Students at Hawaii’s Waialua High and Intermediate on the island of Oahu are returning to school this year to cooler classrooms, thanks to new air conditioning (AC) systems powered by solar PV and energy storage from project partners SimpliPhi Power, Ameresco Solar and Haleakala Solar.
The partners say that as part of the statewide Heat Abatement Program, schools can receive hybrid solar AC units and implement other cooling strategies to bring relief to students currently enduring sweltering educational environments that can reach up to 100 degrees F and make learning a challenge. The solution of classroom AC powered by solar and energy storage helps to control energy costs for schools, which until now has been a major barrier to adding AC to classrooms, the partners add.
“Bringing sustainable cooling relief to students in Hawaii was a problem we knew required innovation on several levels, including how to manage the up-front and long-term costs of these systems and how to work with the limited electrical infrastructure on these campuses,” says Richard Dean, senior account executive for Ameresco Solar, an independent provider of energy efficiency and renewable energy solutions. “We designed a modular cabinet and energy production system housing power generation and storage technologies to be located right next to the electrical load, with one to two classrooms running off one cabinet. This is a major cost advantage over a centralized system, as is the power system’s ability to expand as future energy needs change. Using non-toxic SimpliPhi energy storage is essential, as we can simply add more batteries in the system without duplicating other aspects, unlike with the other storage options available on the market.”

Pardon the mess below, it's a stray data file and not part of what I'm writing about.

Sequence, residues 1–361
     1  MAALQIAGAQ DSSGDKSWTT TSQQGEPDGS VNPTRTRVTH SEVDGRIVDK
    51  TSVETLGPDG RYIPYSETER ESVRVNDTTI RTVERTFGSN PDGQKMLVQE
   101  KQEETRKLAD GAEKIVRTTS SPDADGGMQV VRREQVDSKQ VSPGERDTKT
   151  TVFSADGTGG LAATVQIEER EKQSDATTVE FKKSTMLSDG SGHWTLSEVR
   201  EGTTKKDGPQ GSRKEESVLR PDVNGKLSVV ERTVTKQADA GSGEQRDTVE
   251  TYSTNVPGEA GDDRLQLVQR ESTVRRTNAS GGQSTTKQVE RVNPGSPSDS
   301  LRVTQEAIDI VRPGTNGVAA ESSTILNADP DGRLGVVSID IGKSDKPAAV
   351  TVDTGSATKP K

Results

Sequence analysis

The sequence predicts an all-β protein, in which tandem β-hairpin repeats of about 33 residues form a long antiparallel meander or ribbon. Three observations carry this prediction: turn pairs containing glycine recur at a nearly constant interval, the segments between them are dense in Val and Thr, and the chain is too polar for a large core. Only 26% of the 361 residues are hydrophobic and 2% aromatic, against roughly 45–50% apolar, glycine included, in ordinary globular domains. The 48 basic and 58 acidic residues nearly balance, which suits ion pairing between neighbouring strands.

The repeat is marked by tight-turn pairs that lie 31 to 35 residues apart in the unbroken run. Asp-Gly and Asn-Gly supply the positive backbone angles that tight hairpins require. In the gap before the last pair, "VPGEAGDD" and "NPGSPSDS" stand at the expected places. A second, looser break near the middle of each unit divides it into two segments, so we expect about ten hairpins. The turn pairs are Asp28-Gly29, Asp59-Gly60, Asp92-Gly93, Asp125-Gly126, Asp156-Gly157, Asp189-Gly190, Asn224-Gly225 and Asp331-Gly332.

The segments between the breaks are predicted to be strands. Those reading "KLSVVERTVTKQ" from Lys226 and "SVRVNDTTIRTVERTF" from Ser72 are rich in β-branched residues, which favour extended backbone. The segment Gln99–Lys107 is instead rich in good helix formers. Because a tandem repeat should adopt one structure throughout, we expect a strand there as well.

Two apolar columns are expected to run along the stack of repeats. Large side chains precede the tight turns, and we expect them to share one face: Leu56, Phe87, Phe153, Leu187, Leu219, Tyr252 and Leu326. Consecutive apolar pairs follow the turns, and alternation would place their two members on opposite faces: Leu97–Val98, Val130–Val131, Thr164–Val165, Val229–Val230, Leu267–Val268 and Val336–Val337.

Each cabinet is built to house seven or 10 SimpliPhi PHI 3.4 kWh batteries as part of a hybrid, solar-powered off-grid system for two- or four-ton air conditioners, respectively. Ameresco designed the systems to hold up to 16 batteries to streamline future expansion.
“With solar saturation on Hawaii’s electrical grid, integrating energy storage is essential to getting these systems online faster for these students in need,” says Jim Whitcomb, founder of Haleakala Solar, a solar integrator in Hawaii with over 14,000 solar systems installed on the Islands. “Indoor real estate at these schools to house batteries is next-to-none, so we absolutely needed a battery that is proven to be reliable and safe from fire when installed outdoors in the full Hawaiian sun – without the hassle of adding separate AC or cooling mitigation. The SimpliPhi batteries surpass all these requirements and more.”
SimpliPhi CEO Catherine Von Burg adds, “Our batteries are deployed in some of the harshest environments on the planet, such as the rugged front lines with the Department of Defense, and we have a zero failure rate due to overheating, thermal runaway and fires. This is even more critical when we are talking about systems that are installed within five feet of the closest student. Safety is paramount and should not be negotiable for anyone; especially our children.”
In addition to this first project to be installed in Waialua, the companies have another 1.4 MWh of SimpliPhi storage lined up for school AC projects across Hawaii.